On day one of his tenure, President Joe Biden announced the US $ 1.9 trillion bailout and called on the nation to “build back better than before.”
In Colorado, however, there is a problem. We have a major obstacle preventing us from truly building back better: the Taxpayer Bill of Rights (TABOR). While the US federal bailout law has bolstered Colorado’s budget in the short term, we are still a long way from having enough money to close the long term budget deficit created by TABOR.
Despite the money received from the federal government, Colorado remains crippled by the most restrictive tax system in the country. Years of artificial limits and underfunding in key areas have left a lasting legacy that we will deal with long after federal funding has ceased. According to our estimates, the state government has run out of about $ 40 billion to adequately fund state programs, infrastructure and services since 1993 – all because of TABOR.
To begin with, what is TABOR?
The TABOR is a constitutional amendment created by a voting initiative in 1992. It prohibits different tax rates for low-income families and dictates that the state budget can only increase by the rate of inflation plus growth. demographic, and any additional income the government collects is reimbursed. to taxpayers.
At first glance, this may seem logical. If you look a little deeper, however, you will find an issue that has forced our fiscal situation to deteriorate and that has resulted in a steady degradation of government services since TABOR took over. Inflation, as defined by TABOR, means “the percentage change in the United States Bureau of Labor Statistics consumer price index for Denver-Boulder.” The consumer price index is a measure of the prices paid by consumers for a normal basket of consumer goods and services: food, clothing, etc.
The state government, however, does not spend its money on these basic consumer goods. The state spends its money mainly on labor, building materials and health care. While the normal consumer basket benefits from global trade, the state basket is largely labor-based and consists of goods and services which, for the most part, can only be purchased here, in Colorado. If it costs less to make a shirt in Asia than in the United States, we’ll have it made in Asia. But Colorado can’t hire people in Asia to staff our schools.
It’s Colorado’s TABOR poison pill. The rate of inflation used by TABOR has increased to a fraction of the actual rate of inflation that the state of Colorado has had to pay for its goods and services. As a result, we are slowly losing our ability to provide the necessary services to Coloradans.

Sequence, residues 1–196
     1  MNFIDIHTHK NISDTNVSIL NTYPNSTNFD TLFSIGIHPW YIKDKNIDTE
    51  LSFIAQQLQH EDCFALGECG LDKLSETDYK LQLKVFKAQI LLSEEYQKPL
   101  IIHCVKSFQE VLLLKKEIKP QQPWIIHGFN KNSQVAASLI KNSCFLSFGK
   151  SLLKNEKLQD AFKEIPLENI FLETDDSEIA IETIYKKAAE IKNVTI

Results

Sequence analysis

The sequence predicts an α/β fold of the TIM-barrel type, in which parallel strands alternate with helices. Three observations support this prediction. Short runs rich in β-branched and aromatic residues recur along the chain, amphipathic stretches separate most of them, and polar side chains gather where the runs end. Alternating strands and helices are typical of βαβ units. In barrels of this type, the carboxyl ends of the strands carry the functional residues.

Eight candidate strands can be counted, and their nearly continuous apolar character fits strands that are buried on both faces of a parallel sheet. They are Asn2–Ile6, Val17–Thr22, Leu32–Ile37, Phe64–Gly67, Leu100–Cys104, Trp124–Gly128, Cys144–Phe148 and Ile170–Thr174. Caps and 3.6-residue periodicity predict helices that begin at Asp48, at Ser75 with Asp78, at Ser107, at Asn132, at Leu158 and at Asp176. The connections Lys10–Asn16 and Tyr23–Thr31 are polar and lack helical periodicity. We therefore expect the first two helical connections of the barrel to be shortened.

Take the example of K-12 education. In 1992, the year TABOR was approved, Colorado ranked 35th in the country in K-12 spending as a percentage of personal income. In 2012, the state ranked 47th, according to the US Census Bureau’s Public Education Finances report. In 1992, Colorado ranked 30th for providing teachers with a living wage. In 2020, we ranked last in the country according to Great Education Colorado. In 1982, Colorado spent $ 232 more per student than the national average. Today we are spending $ 2,410 less than the national average.
What about health care, higher education and public safety? Colorado fell from 32nd to 47th for health spending per capita, from 23rd to 48th for the percentage of pregnant women with adequate access to prenatal care, and from 35th to 46th for college and university funding as a percentage of income. staff. We’re also way behind in funding forest fire protection, and this past summer showed just how vulnerable we are to the huge impacts of fires. Voters of all political persuasions want these services – they are not extras or luxuries.
Almost 30 years after its adoption, TABOR continues to hold back our state’s progress and hamper our ability to invest effectively in services vital to the people of Colorado, hampering the state’s ability to prepare for downturns. economic, effectively reducing the state budget in real terms. .
In a difficult financial time like the one we have just experienced, we should be able to tap into our emergency funds and provide our state with the support it needs, just as other states can.
This coming year, taxpayers will see reimbursement checks, but they will come at the expense of better funding for public services that cuts costs for all of us. In addition, TABOR has reduced fiscal flexibility, which is hurting our state’s credit rating, thereby increasing the interest charges on any state public debt.
The long-term deficits associated with TABOR also make it clear that permanent and general tax cuts will only add insult to injury. Of course, everyone wants services and doesn’t want to pay for them, but we all know it’s not sustainable and cutting taxes without being honest about the harm it does to our schools and universities is dishonest at best.
The question for state government is how, despite TABOR and relentless electoral pressure for severe and permanent cuts, invest in hard-working Coloradans across our state and give them an opportunity to succeed. We will continue to seek innovative solutions to maintain funding for schools, maintain roads, and invest in future economic growth – because that is exactly what voters elected us to deliver.
Chris Hansen is a Colorado State Senator in Denver. Follow him @HansenforCO. Dominick Moreno is a Commerce City senator. Follow him @domoreno.
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